This is a babystep, but an attempt to go beyond simply pointing out the problems. Next week, I will be traveling to Los Angeles to attend a meeting of a group of theatres who are attempting to put into action some of the ideas that have been discussed on this blog. I'll report on their plans, too.

Wednesday, January 16, 2008

Population Density and the Theatre

Tony, over at Jay Raskolnikov -- Half Hillbilly, Demi-Culture, commented on my Google Map work showing the placement of regional theatres in the US: "Food for thought. Have you compared these maps to the general population density of the US? If memory serves me it looks pretty similar to the maps you've shown. So there may be more to it than it seems." He then provided a link to this map, which does bear a resemblance to the final map with all the theatres on it. I also went to Wikipedia to see what they had on population density in the US and they provided me with the following map, which also seemed to reinforce what I had found. There was California and Illinois and a bunch of the Northeast and Florida...

But then I started looking at the state-by-state breakdown and comparing states with lots to those with little. And sure enough: the bottom of the list looked like this:

42: Nebraska
43: Nevada
44: Idaho
45: New Mexico
46: South Dakota
47: North Dakota
48: Montana
49: Wyoming
50: Alaska

But then I looked a bit more. For instance, Oregon was #39, and they had quite a few theatres, and so did #38 Maine. But right above them were Colorado (37), Oklahoma (35), Arkansas (34), who were pretty theatre sparse... And then there was Minnesota, who wracked up a bunch of TCG theatres, at #31, and Missouri, who had one or two, at #27. And we won't even talk about North Carolina, which is #10 as far as population and #17 in population density, and Michigan (#8 in population and #15 in density), who had only a few theatres between them and both of whom got skunked in the NEA distribution. No, it made sense for a while, and then it started to dissolve once you got beyond the extremes.

Nevertheless, the question Slay raises is one that demands examination: why do we think that theatre is a high-density art form? Why have we conceived of it as existing primarily in urban areas? Before we reach mentally for the obvious -- the more people, the more likely an audience can be found -- let's think this through a bit. There are colleges scattered all over this country, and most are not in urban areas, and most of them have theatre departments who do plays, and my impression is that they seem to sell tickets. In fact, my impression is that they benefit from being in places that offer little competition as far as live theatre is concerned. Furthermore, just how many people need to live in a place in order to fill a small or medium sized theatre consistently? I believe North Carolina Stage Company here in Asheville, which is a TCG theatre in the lowest budget category, has a house that seats 99 people -- does that require a thriving metropolis to fill? Even if your theatre was bigger -- say, 499 -- how large does the town need to be?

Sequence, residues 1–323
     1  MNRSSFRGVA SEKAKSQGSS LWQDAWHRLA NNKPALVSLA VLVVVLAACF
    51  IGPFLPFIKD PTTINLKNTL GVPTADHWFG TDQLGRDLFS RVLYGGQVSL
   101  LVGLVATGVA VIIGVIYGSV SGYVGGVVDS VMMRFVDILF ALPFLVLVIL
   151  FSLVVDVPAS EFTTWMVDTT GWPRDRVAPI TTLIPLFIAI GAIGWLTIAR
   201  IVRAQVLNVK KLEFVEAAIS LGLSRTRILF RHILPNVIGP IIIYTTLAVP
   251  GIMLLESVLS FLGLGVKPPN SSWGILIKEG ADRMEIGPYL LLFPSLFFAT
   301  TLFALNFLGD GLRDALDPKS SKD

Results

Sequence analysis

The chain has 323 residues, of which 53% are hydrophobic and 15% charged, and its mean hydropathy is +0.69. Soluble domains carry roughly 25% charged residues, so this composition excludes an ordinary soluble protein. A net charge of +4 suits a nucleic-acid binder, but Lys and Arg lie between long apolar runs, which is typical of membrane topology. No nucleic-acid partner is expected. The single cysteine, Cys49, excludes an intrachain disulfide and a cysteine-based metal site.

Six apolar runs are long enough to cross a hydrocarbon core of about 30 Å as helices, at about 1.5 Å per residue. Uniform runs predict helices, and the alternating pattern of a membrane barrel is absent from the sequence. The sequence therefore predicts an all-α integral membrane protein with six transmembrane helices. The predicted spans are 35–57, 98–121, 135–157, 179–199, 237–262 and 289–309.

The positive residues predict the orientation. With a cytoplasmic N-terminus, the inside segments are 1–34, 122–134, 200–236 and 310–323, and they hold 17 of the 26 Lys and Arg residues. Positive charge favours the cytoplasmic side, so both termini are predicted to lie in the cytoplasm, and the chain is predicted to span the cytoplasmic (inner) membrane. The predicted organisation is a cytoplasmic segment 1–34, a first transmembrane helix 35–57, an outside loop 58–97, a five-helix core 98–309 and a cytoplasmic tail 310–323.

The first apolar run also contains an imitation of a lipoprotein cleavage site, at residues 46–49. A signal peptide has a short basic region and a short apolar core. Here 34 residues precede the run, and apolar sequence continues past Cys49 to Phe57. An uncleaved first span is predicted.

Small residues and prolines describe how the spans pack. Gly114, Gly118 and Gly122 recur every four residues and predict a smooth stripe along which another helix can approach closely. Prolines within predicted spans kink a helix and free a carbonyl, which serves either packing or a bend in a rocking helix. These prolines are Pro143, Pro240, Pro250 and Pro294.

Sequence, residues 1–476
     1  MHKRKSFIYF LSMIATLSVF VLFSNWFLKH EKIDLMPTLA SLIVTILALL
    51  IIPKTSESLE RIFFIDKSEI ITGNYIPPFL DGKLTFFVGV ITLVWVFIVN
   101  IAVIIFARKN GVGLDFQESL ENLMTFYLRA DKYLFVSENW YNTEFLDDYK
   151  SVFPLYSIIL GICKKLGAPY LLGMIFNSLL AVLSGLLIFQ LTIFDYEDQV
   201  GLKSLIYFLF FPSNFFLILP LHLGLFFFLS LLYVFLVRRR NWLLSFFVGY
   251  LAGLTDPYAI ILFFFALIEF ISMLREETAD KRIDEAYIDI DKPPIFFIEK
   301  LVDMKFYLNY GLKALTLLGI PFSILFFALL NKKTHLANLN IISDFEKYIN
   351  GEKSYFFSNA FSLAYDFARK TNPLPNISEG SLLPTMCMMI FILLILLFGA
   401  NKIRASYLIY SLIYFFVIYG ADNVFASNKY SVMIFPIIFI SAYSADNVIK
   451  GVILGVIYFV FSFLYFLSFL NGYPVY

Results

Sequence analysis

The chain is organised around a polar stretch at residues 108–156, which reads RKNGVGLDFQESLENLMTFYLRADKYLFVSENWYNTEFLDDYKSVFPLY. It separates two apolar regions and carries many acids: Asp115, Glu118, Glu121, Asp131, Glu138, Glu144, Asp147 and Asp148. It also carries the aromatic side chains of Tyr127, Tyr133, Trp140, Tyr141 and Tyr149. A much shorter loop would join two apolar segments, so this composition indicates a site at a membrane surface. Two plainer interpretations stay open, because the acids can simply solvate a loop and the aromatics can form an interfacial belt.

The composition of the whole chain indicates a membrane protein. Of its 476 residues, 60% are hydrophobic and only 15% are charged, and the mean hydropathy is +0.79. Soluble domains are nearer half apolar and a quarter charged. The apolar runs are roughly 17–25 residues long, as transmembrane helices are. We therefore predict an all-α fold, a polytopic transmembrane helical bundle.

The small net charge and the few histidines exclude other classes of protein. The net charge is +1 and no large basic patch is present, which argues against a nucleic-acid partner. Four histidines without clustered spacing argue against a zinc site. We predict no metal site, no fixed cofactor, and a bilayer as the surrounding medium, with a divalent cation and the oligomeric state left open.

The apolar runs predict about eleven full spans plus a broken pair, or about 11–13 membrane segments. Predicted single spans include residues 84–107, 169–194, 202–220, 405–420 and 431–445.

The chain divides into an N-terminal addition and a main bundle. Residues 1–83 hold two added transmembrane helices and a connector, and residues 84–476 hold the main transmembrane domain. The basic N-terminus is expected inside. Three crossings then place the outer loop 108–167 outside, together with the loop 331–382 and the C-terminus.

I think the issue is that we conceive of theatre as appealing to only a small percentage of a population -- say, 1% or less. And so that requires big numbers to keep it going. But is that number carved in stone? Might a theatre raise those odds by locating themselves in a less populated town where the opportunities to see live theatre might be fewer? Might it raise those odds by maintaining a company and a resident playwright and spend time establishing a strong connection to its community? Might it be easier to establish those community connections if it were a smaller community where half the population didn't flee for the suburbs after 5:00?

I think one of the challenges we face as theatre people is to question conventional wisdom, to release ourselves from thinking in grooves that have been deeply ingrained by the past. And we need to broaden our view of the past. For instance, the Little Theatre Movement that was so important in the early part of the 20th century was scattered across this nation, and there were other approaches to theatre (e.g., Robert Gard's Wisconsin Idea Theatre and A. M. Drummond's program at Cornell) that took other forms than the Broadway version. We might look to these for inspiration, for another model that we might adapt for our own circumstances.